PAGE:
My youngest boy has 10 days left in the Corps. After 8 years, if he gets hit with stop loss, with ten days left? Not going to be pretty.

coldwarrior on September 4, 2013 at 7:48 AM

Who thinks that Obama and his minions are acting for the benefit of the United States in this episode?
Who thinks that he and they are actually acting on some higher and righteous principle?

justltl on September 4, 2013 at 7:46 AM

You insult rodeo clowns by your comparison. The thin-skinned rat has never acted out of morality or the benefit of the people he represents. It’s all about the rat-eared one 24/7/366.

Happy Nomad on September 4, 2013 at 7:50 AM

justltl on September 4, 2013 at 7:46 AM

Be hatin’ on Barry all you want…that’s cool.

But why the hatin’ on minions?

Seem pretty mellow sorts to me.

coldwarrior on September 4, 2013 at 7:52 AM

Hahaha!

justltl on September 4, 2013 at 7:54 AM

An LPD is best used to land a MEU. Boots on the ground.

coldwarrior on September 4, 2013 at 7:48 AM

True but an LPD also has the ability to hold a lot of evacuees should the need arise. I haven’t heard anything about the USS San Antonio having Marines embarked.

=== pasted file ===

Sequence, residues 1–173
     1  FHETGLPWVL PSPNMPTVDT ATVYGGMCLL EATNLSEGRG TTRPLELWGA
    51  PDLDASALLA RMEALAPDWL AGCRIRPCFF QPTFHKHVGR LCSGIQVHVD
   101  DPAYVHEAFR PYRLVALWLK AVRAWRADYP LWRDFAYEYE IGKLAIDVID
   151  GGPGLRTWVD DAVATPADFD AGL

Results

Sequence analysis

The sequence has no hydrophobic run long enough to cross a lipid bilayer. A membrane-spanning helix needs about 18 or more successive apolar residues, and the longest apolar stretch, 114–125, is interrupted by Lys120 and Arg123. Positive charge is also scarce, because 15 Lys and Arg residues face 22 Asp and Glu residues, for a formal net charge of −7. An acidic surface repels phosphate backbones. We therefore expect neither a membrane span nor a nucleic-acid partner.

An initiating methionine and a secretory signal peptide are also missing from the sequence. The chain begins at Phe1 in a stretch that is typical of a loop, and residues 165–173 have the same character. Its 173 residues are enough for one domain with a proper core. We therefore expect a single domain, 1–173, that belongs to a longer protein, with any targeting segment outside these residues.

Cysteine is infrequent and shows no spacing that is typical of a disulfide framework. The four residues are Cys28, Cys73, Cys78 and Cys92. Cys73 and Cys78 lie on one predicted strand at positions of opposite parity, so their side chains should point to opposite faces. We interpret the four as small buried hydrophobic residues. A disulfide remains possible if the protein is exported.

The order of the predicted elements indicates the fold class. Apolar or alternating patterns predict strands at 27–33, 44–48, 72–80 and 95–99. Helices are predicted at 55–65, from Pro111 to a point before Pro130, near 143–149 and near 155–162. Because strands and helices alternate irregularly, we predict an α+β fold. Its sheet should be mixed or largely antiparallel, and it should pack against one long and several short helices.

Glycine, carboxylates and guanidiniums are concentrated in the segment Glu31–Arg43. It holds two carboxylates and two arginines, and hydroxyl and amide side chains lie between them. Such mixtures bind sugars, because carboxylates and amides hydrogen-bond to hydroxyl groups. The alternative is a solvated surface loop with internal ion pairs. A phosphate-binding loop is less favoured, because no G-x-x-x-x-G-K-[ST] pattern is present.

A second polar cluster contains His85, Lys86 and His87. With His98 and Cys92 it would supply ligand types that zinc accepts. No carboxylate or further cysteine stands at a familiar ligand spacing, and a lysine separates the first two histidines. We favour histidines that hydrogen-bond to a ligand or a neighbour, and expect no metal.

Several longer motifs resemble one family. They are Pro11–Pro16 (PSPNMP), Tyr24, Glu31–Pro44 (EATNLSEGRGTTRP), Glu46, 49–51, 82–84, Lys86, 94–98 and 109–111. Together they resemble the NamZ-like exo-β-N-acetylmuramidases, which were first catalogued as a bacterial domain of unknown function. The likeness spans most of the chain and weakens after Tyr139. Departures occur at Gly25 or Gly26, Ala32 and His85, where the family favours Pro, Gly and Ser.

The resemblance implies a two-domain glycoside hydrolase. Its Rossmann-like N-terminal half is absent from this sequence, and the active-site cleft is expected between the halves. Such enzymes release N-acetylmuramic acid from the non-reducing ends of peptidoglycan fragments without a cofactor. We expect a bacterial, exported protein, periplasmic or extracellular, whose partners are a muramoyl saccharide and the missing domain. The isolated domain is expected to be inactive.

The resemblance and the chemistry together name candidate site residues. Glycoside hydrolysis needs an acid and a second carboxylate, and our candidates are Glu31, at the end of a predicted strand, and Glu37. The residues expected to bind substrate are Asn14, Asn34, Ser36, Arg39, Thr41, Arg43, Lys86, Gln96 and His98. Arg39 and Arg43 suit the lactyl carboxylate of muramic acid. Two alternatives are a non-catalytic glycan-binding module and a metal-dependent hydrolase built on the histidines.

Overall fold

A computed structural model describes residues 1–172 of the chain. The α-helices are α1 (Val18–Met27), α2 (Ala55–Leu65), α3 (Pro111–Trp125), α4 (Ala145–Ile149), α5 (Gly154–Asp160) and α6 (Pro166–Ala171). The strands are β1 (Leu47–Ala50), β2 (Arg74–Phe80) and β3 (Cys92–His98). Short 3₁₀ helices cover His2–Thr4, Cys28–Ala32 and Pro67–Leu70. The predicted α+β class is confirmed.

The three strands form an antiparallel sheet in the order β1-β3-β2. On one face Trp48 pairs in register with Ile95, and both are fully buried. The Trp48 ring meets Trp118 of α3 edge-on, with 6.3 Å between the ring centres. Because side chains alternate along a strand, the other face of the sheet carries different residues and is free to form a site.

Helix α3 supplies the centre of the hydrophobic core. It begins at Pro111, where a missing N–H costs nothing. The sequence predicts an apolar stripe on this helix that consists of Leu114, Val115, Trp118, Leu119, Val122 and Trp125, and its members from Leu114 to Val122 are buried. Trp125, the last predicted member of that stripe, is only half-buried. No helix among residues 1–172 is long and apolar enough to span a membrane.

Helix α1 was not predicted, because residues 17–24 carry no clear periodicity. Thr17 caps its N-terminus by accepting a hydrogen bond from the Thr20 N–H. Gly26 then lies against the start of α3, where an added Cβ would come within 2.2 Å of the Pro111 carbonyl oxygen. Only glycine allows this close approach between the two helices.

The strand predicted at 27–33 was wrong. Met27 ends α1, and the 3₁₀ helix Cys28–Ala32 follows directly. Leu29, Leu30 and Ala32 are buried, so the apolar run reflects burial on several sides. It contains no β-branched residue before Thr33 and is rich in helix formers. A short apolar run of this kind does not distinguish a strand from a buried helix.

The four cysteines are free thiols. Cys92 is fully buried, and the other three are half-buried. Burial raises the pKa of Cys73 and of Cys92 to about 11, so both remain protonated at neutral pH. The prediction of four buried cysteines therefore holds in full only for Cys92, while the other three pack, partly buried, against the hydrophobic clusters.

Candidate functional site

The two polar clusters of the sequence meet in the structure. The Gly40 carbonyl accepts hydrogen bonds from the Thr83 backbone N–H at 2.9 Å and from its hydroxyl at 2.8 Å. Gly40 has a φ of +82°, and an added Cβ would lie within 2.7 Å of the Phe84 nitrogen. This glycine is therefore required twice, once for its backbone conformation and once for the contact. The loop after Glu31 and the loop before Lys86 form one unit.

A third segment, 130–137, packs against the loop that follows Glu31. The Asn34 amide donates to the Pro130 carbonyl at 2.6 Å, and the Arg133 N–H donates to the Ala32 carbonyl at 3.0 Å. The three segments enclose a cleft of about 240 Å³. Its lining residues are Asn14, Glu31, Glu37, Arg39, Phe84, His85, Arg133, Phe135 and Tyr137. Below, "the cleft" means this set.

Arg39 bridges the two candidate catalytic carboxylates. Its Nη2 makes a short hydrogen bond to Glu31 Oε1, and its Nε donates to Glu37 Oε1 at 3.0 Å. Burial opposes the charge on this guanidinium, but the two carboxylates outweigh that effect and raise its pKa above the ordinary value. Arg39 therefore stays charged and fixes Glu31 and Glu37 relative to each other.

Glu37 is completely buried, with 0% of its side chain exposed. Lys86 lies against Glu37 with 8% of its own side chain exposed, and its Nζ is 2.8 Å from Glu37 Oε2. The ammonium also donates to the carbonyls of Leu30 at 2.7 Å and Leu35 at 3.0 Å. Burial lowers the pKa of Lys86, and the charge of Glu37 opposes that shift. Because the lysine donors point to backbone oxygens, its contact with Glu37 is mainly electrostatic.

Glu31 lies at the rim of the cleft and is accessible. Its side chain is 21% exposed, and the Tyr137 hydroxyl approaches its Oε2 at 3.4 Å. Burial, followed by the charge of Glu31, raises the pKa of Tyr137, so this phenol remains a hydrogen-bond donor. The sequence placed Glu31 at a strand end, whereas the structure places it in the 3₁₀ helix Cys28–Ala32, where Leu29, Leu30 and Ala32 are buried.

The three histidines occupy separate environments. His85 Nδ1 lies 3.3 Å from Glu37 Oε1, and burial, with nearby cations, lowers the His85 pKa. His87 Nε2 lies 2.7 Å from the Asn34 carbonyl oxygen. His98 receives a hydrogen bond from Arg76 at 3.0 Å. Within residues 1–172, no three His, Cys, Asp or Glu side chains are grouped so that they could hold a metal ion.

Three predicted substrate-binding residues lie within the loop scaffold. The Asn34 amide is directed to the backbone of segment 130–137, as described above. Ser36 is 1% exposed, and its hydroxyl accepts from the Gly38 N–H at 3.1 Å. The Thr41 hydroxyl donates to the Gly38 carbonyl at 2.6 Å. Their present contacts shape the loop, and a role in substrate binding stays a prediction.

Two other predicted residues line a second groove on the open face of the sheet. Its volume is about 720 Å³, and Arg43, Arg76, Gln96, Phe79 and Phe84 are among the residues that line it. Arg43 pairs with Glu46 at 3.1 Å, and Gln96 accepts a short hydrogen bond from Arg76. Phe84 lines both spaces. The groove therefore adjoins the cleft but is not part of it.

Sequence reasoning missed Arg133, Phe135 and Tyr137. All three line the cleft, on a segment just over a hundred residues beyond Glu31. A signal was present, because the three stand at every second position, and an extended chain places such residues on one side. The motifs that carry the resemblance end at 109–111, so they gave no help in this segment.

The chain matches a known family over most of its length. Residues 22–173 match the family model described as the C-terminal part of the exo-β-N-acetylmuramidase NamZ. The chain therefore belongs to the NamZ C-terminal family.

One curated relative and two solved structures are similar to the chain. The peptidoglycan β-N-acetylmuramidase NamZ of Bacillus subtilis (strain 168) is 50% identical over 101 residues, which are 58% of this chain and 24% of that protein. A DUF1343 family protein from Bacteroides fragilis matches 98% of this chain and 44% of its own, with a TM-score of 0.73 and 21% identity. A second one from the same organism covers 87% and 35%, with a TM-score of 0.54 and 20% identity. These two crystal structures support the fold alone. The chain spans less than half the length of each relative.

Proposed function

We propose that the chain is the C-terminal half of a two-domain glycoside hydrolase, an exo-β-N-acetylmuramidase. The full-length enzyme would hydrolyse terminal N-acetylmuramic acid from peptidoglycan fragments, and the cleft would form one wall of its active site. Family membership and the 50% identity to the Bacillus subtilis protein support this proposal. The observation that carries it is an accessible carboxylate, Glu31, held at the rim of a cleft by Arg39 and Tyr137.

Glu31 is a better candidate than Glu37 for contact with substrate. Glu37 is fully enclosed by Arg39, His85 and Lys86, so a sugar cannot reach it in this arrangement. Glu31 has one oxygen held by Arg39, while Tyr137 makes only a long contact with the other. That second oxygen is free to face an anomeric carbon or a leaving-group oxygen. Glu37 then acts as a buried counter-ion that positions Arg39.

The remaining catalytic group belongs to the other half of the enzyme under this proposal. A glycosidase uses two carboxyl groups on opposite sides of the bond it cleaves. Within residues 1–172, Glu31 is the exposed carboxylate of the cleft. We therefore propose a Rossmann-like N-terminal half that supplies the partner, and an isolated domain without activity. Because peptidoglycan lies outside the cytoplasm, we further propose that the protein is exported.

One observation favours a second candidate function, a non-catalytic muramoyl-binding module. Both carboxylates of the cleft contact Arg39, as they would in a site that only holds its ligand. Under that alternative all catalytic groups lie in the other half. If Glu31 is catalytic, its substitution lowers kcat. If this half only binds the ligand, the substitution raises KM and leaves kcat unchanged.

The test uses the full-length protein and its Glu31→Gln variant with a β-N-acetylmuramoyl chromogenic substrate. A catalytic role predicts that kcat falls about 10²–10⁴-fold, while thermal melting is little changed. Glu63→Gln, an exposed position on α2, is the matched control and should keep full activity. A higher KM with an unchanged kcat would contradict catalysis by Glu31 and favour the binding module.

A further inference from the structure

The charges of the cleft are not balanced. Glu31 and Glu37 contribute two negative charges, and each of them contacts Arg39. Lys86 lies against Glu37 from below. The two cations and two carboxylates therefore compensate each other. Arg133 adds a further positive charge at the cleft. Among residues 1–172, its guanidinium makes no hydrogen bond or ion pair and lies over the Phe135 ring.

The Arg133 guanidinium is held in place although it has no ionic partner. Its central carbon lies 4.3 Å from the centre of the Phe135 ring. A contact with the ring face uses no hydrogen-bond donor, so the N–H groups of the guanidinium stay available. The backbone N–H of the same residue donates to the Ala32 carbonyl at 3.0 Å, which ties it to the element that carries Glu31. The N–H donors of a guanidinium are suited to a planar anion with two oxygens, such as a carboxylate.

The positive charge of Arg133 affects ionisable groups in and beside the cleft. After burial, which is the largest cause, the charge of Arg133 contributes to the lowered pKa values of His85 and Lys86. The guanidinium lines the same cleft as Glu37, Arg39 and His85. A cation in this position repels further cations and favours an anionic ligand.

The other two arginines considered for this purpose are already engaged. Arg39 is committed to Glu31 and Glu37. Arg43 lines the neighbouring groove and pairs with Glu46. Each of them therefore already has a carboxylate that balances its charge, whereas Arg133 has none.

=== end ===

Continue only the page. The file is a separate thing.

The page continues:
Odds are your youngest is in the clear. If for no other reason, politics. Who would issue stop loss orders for a limited campaign lasting hours not days?

Happy Nomad on September 4, 2013 at 7:55 AM

But why the hatin’ on minions?

Seem pretty mellow sorts to me.

coldwarrior on September 4, 2013 at 7:52 AM

The little yellow ones are minions. Obama has evil minions

And he has lots of them.

Happy Nomad on September 4, 2013 at 8:04 AM

Hof struck at what, for those who spend their time thinking about grand strategy and not domestic politics, is the heart of the matter. The administration has consistently separated the goals it hopes to achieve with a military strike — punish Assad, send a warning to similar states, restore U.S. credibility — from the objectives it hopes to achieve politically: to reach a negotiated peace in Syria with Assad no longer at the country’s helm. In terms of strategic planning, the separation of the two is almost a rookie error.

The first is a TACTICAL decision and that must come after a STRATEGIC decision, which is the second. Obama has not clearly stated the second part which is the STRATEGIC part.